Woldemichael v. Simon
REPORT AND RECOMMENDATIONS of the Magistrate Judge that the Court DISMISS this action, without prejudice, and DIRECT the Clerk to enter the appropriate judgment of dismissal and to CLOSE this case re 1 Petition for Writ of Habeas Corpus filed by T esfai Woldu Woldemichael. It is further RECOMMENDED that the Court DENY Woldemichael leave to proceed in forma pauperis on appeal. The Court ORDERS any party seeking to object to this Report and Recommendation to file specific written objections with in fourteen (14) days of the date on which this Report and Recommendation is entered. (Objections to R&R due by 10/11/2017). ORDER directing service of the REPORT AND RECOMMENDATION of the Magistrate Judge. Signed by Magistrate Judge R. Stan Baker on 9/27/2017. (ca)
IN THE UNITED STATES DISTRICT COURT
FOR THE SOUTHERN DISTRICT OF GEORGIA
TESFAI WOLDU WOLDEMICHAEL,
CIVIL ACTION NO.: 5:17-cv-44
ORDER and MAGISTRATE JUDGE’S REPORT AND RECOMMENDATION
This matter comes before the Court upon Petitioner Tesfai Woldu Woldemichael’s
(“Woldemichael”) failure to comply with the Court’s Orders of May 23, 2017, (doc. 2), and
August 14, 2017, (doc. 12), and his failure to prosecute this action. For the following reasons, I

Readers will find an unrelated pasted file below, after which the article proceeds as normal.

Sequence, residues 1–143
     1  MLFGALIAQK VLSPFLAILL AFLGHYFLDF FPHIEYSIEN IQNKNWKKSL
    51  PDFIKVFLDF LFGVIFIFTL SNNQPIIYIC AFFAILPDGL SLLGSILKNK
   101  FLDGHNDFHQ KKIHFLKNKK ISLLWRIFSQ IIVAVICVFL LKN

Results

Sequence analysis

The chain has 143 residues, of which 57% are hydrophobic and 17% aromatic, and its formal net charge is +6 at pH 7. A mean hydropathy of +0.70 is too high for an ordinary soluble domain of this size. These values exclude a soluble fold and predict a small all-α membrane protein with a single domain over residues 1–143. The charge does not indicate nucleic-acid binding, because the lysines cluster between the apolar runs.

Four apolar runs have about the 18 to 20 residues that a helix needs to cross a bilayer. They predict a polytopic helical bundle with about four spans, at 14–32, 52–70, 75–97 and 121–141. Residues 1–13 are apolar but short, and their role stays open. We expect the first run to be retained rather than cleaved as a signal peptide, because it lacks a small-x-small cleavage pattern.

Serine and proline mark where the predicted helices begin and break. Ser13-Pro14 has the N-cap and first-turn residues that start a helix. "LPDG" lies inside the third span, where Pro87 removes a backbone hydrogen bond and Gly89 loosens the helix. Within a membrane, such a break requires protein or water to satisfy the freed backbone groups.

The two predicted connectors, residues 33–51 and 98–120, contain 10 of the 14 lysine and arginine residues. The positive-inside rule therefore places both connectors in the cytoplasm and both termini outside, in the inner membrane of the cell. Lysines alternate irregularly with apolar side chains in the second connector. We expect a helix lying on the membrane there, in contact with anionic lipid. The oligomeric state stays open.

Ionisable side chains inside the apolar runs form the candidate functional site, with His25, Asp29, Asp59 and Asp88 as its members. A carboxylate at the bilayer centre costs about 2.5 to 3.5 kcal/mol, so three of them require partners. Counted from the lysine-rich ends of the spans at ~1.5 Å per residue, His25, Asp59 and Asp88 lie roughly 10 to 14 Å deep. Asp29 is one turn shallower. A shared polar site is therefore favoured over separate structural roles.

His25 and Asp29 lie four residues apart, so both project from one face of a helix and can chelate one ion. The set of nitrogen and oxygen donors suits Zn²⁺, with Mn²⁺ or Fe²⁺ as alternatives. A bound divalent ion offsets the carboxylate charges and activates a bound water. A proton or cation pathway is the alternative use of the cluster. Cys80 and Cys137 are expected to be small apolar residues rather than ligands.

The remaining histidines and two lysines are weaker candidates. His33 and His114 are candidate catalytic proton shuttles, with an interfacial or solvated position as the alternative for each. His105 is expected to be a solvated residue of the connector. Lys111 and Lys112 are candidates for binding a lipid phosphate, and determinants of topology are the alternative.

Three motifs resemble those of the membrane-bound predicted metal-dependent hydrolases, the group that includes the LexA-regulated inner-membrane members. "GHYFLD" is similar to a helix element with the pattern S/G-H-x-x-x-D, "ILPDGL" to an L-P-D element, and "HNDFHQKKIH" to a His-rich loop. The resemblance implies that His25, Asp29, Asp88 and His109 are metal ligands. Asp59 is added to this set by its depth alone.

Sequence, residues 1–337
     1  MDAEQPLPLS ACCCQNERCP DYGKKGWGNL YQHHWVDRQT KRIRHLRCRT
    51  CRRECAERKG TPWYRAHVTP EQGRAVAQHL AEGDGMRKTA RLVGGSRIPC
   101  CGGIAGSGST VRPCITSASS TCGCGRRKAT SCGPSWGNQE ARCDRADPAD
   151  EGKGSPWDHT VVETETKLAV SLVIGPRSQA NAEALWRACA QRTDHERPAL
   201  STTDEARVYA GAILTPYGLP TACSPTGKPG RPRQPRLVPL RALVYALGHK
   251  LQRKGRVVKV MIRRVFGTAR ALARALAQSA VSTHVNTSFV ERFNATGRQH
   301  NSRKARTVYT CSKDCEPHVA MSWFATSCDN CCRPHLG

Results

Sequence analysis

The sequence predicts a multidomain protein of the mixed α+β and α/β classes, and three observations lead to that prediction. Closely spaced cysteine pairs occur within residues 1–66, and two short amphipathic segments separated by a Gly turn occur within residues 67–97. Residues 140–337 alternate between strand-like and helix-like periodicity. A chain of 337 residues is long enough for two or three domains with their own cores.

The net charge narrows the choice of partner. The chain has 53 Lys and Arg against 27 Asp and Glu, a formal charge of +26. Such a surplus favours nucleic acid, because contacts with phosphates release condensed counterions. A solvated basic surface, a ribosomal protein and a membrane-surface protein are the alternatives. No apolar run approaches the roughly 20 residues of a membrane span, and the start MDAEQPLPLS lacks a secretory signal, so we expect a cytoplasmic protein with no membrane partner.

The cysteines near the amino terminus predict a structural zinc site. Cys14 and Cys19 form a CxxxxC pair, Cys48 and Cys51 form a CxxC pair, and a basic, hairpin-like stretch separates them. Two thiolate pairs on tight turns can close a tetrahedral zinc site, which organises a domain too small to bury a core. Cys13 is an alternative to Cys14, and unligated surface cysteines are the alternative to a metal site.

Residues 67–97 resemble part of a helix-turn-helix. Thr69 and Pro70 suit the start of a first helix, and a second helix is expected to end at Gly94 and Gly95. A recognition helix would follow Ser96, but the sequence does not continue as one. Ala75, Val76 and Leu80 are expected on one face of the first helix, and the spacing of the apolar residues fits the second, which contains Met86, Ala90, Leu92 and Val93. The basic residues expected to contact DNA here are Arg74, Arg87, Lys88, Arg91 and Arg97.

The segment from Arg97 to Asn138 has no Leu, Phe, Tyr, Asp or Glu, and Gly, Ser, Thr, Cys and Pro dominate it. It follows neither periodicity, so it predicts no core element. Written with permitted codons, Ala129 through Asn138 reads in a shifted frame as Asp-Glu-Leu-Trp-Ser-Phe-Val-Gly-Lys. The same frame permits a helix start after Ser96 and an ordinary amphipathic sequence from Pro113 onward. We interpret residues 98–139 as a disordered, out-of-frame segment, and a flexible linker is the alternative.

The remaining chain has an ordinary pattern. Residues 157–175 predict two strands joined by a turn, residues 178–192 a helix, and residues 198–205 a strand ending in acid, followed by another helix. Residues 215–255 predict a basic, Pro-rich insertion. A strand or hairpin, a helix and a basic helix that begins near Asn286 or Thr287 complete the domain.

RECOMMEND the Court DISMISS Woldemichael’s Petition without prejudice for failure to
follow the Court’s directive and failure to prosecute and DISMISS as moot all other pending
Motions. 1 I further RECOMMEND that the Court DIRECT the Clerk of Court to enter the
A “district court can only dismiss an action on its own motion as long as the procedure employed is fair.
. . . To employ fair procedure, a district court must generally provide the plaintiff with notice of its intent
to dismiss or an opportunity to respond.” Tazoe v. Airbus S.A.S., 631 F.3d 1321, 1336 (11th Cir. 2011)
(citations and internal quotation marks omitted). A Magistrate Judge’s Report and Recommendation
(“R&R”) provides such notice and opportunity to respond. See Shivers v. Int’l Bhd. of Elec. Workers